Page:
On 17 February 2005 Australia defeated New Zealand in the first men's full international Twenty20 match, played at Eden Park in Auckland. The game was played in a light-hearted manner – both sides turned out in kit similar to that worn in the 1980s, the New Zealand team's a direct copy of that worn by the Beige Brigade. Some of the players also sported moustaches/beards and hair styles popular in the 1980s taking part in a competition amongst themselves for best retro look, at the request of the Beige Brigade. Australia won the game comprehensively, and as the result became obvious towards the end of the NZ innings, the players and umpires took things less seriously – Glenn McGrath jokingly replayed the Trevor Chappell underarm incident from a 1981 ODI between the two sides, and Billy Bowden showed him a mock red card (red cards are not normally used in cricket) in response.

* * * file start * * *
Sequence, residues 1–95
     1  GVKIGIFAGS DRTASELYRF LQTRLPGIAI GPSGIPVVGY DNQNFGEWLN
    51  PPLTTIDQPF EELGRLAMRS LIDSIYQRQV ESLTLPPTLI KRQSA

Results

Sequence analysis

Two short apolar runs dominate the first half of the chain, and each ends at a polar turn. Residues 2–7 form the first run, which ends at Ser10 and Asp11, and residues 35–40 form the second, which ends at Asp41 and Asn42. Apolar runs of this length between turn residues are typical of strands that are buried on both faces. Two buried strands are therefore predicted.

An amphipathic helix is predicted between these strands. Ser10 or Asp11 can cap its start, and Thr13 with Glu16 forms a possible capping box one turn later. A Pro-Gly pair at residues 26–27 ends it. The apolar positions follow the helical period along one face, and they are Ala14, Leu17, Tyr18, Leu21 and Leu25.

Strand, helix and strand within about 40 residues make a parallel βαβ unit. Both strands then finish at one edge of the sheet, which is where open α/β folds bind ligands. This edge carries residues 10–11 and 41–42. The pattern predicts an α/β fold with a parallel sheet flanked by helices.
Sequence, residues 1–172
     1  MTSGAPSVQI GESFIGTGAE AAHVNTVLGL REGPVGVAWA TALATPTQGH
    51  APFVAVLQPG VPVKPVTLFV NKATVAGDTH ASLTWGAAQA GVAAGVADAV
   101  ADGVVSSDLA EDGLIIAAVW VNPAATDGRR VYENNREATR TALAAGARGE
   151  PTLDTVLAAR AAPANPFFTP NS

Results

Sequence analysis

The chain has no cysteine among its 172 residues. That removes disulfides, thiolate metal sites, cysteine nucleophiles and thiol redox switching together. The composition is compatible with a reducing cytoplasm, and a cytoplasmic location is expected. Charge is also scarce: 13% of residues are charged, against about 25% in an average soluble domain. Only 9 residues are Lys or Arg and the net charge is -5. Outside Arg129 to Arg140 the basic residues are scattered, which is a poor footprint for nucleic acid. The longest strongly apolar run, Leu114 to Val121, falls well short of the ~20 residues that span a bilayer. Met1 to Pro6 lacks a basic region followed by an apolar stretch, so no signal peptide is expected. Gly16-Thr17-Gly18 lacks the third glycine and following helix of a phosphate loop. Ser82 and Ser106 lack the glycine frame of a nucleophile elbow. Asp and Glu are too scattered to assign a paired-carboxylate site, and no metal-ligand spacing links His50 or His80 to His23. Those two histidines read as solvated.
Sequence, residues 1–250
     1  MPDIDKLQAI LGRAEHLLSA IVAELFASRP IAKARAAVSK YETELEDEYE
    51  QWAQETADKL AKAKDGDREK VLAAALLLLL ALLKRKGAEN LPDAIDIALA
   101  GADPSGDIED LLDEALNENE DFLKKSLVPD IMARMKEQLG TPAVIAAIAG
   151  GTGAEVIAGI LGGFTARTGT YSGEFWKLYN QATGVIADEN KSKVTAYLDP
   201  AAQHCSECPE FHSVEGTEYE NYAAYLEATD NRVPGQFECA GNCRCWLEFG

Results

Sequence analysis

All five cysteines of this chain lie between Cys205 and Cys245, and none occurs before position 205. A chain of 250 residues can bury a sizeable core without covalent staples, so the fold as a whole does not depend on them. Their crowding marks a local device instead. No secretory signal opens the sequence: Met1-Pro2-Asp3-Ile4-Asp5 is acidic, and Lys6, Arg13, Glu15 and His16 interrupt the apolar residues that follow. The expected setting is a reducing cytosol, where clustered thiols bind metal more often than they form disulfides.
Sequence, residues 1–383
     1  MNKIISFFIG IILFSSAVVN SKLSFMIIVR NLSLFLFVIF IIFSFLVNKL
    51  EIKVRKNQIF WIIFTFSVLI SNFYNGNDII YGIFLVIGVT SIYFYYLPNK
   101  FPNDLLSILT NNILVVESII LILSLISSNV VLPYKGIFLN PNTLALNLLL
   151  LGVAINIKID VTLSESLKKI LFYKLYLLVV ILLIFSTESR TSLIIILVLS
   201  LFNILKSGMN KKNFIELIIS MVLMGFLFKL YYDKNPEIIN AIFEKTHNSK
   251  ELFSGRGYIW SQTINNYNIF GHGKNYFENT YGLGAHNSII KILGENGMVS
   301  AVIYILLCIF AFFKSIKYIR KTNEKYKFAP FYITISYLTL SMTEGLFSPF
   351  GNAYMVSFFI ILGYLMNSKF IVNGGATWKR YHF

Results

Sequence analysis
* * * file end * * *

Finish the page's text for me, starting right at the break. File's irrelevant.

It was first decided that every two years an ICC World Twenty20 tournament is to take place, except in the event of a Cricket World Cup being scheduled in the same year, in which case it will be held the year before. The first tournament was in 2007 in South Africa where India defeated Pakistan in the final. Two Associate teams had played in the first tournament, selected through the 2007 ICC World Cricket League Division One, a 50-over competition. In December 2007 it was decided to hold a qualifying tournament with a 20-over format to better prepare the teams. With six participants, two would qualify for the 2009 World Twenty20 and would each receive $250,000 in prize money.The second tournament was won by Pakistan who beat Sri Lanka by 8 wickets in England on 21 June 2009. The 2010 ICC World Twenty20 tournament was held in West Indies in May 2010, where England defeated Australia by 7 wickets. The 2012 ICC World Twenty20 was won by the West-Indies, by defeating Sri Lanka at the finals. For the first time, a host nation competed in the final of the ICC World Twenty20. There were 12 participants for the title including Ireland and Afghanistan as 2012 ICC World Twenty20 Qualifier. It was the first time the T20 World Cup tournament took place in an Asian country.